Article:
Migrating from rpi3 to rock64

My YunoHost server

Hardware: Raspberry Pi at home
YunoHost version: (stable).
I have access to my server : Through SSH | through the webadmin
Are you in a special context or did you perform some particular tweaking on your YunoHost instance ? : no / yes
If yes, please explain:

Description of my issue

hi again ynh,

i’m looking to migrate my beloved ynh install from an rpi3 to a rock64, and i wonder if / how this is possible?

i currently run the root file system on a USB HDD, with only the boot partition on the SD card.

i understand that a rock64 won’t run Raspbian OS.

if there any way i can wrangle things with an SD card such that i can simply plug the usb HDD into the rock64 and run it like before?

i understand this is more a hardware issue, but i’m unsure of what to look out for.

perhaps the best i can do is install armbian on a new sd card and then direct it to the usb HDD?

Hi Mouse!

Yes, for sure!

Armbian is the way to go, plain Armbian and then the curl https://install.yunohost.org | bash as described on the remote server installation page. Instead of postinstall, run yunohost backup restore ...

I don’t run rock64, you probably know already how it will boot (uSD boot partition as with your RPi, or everything on USB or SD, etc). You will be re-using the USB HDD, I think? If I had space elsewhere, I’d run backups -with data(!) for apps such as Nextcloud- for system and apps, and start with a clean slate (depending on your situation, that could be a seperate partition on the USB HDD with your current system in kept behind partitions at first.

I migrated Yunohosts from Armbian on Orange Pi’s to (x86) containers on Proxmox, and later from there to VPS’s all via the backup mechanism. It has proved very dependable for me.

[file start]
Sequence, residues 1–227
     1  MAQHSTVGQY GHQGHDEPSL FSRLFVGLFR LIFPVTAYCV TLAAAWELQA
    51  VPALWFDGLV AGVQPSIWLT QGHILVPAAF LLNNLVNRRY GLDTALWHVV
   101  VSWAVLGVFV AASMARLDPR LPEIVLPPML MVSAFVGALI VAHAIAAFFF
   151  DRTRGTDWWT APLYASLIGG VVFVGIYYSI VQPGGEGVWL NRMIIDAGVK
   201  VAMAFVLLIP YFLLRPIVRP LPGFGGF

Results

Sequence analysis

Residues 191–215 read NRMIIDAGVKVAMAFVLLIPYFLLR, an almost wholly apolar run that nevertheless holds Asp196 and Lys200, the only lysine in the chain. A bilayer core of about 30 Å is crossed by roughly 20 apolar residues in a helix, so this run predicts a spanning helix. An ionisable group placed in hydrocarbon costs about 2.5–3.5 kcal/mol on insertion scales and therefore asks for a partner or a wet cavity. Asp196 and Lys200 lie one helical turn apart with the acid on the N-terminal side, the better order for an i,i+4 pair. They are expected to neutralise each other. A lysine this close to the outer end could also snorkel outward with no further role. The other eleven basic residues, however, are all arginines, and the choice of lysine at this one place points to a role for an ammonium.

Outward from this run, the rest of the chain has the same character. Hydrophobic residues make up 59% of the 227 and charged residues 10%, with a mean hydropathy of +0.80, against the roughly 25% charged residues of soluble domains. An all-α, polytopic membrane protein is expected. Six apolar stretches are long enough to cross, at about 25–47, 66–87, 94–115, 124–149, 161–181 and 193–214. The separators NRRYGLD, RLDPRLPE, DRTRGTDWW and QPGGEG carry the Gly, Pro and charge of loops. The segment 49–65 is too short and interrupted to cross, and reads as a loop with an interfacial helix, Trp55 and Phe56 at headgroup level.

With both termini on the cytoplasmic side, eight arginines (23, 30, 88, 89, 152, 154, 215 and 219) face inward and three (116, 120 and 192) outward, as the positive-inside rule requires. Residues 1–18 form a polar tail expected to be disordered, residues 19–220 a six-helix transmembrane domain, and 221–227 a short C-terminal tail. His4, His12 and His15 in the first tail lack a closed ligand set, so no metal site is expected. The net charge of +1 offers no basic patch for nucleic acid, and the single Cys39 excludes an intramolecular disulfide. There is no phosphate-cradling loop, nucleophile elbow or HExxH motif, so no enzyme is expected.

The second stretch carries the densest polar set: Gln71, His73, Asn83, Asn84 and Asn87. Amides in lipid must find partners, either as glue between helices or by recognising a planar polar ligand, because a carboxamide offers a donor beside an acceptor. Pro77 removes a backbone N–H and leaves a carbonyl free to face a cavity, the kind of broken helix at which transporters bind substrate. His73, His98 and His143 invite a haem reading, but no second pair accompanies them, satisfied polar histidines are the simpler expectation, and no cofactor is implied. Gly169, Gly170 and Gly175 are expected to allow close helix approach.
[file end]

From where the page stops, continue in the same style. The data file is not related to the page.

To run the backup restoration instead of the postinstallation, the backups need to be available in /home/yunohost.backup/archives/ on your new installation.

If your Debian experience is mainly through Raspbian, be aware that it diverges from Debian for some helper tools, and Armbian diverges in another direction. There are some Armbian-specific configuration utilities for managing boot loader and partition resizing of installation media, if I recall correctly. Give it a dry run and you will find your way around quick enough!

@wbk thanks for explaining your process, it’s v helpful.

yeah i was hoping to get away with reusing the same install on the USB HDD, because of so much data and no other hdd’s lying around for a full backup, but perhaps i can’t get away with it.

I am sure it is doable. In that case there is gain in valuable lessons, besides saving money for an HDD. The cost is your time (unknown amount) and possible data loss (if the data is not important, you can wipe the disk immediately and save a lot of time :wink: )

If the data is of any value to you, now is the best time to get an extra HDD and start making back ups. Your future self will be grateful to you.